Abstract for:A STEM-Deficient Nation: How might we close the widening gap between available STEM employment and talent?

The gap between STEM employment and talent widens with each year as the number of jobs is expected to grow 8.9 percent in the next decade. Today, 2.5 million jobs in STEM are left unfilled and yet interest in pursuing STEM majors or careers has stayed flat (ACT, Beard). Evidence from the ACT exam indicates that high school science and math preparation is the crux of the problem. Therefore, we aim to understand how increasing the number of STEM-compliant secondary schools can affect the gap between workforce needs and available talent.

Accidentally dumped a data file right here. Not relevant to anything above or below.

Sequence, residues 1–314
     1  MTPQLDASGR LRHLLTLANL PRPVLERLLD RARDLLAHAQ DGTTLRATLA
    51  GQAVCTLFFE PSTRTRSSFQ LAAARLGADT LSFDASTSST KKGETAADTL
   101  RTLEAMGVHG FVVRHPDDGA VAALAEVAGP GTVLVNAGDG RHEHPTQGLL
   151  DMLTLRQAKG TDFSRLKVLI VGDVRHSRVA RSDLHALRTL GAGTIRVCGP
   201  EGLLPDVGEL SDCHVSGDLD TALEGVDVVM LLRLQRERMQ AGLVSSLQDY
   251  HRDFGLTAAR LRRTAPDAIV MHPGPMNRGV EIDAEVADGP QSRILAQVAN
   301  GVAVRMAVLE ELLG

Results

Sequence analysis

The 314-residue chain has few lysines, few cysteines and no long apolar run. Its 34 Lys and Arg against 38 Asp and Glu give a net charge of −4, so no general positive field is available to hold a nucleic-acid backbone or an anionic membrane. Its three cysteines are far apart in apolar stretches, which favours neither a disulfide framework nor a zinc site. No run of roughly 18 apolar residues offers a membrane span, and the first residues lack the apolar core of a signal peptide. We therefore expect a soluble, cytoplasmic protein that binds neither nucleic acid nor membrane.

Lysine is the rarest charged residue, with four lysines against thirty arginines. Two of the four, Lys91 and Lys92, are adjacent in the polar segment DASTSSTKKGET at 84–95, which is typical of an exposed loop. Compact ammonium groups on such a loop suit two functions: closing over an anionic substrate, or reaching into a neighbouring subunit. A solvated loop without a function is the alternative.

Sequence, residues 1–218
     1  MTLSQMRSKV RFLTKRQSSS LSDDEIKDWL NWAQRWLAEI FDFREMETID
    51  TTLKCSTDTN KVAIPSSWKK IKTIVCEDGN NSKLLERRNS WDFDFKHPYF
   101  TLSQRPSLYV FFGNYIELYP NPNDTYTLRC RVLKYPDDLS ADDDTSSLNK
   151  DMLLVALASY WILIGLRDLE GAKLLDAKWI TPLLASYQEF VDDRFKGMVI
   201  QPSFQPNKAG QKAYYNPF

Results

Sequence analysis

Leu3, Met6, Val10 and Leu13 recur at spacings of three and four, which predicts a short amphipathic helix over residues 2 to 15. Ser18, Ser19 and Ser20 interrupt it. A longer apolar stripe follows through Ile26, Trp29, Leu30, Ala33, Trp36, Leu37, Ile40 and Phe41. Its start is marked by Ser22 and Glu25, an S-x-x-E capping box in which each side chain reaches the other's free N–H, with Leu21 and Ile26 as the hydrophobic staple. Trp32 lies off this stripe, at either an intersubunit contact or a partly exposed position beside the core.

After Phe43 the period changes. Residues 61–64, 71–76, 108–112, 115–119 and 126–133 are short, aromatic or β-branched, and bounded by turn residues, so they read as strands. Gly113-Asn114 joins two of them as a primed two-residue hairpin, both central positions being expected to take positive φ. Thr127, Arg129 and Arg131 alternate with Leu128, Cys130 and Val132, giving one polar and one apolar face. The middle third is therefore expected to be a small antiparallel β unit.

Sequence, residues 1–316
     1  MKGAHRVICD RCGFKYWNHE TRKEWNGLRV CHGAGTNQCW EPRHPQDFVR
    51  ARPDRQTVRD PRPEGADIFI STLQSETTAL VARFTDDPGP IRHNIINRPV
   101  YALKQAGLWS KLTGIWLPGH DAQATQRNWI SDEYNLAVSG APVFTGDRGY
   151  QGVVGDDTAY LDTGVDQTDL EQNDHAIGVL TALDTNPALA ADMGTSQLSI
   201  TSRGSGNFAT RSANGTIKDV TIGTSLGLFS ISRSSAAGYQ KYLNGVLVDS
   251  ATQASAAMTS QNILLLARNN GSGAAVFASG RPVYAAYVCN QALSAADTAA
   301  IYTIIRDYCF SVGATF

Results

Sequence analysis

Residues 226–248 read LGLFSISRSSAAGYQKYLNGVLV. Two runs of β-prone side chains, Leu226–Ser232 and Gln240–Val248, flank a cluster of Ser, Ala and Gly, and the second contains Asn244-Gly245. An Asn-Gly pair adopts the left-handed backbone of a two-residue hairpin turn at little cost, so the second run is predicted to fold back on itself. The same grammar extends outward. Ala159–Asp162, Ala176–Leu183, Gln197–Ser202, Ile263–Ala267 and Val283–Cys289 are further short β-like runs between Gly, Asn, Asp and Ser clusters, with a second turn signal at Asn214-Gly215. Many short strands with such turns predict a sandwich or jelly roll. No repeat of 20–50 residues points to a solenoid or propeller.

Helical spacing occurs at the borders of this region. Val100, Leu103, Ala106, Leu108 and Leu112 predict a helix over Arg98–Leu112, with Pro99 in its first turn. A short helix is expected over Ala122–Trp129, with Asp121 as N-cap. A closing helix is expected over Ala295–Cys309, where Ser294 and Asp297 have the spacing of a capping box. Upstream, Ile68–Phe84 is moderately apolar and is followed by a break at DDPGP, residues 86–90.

We built a system dynamics model that shows both the flow of non-STEM schools becoming STEM-compliant as well as STEM-proficient students moving from secondary school to college to the workforce. The model also accounts for key limiting factors, such as teacher supply and funding, that restrict schools from becoming STEM-compliant. Through testing policy interventions targeted at increasing teachers and funding, we found that secondary schools will only reach STEM-compliance with policies that first aggressively increase the supply of science and math teachers. Following an increase in teachers, states would need to mandate STEM-compliance and offer funding to avoid structural inequalities occurring between the wealthy/urban versus impoverished/rural neighborhood schools.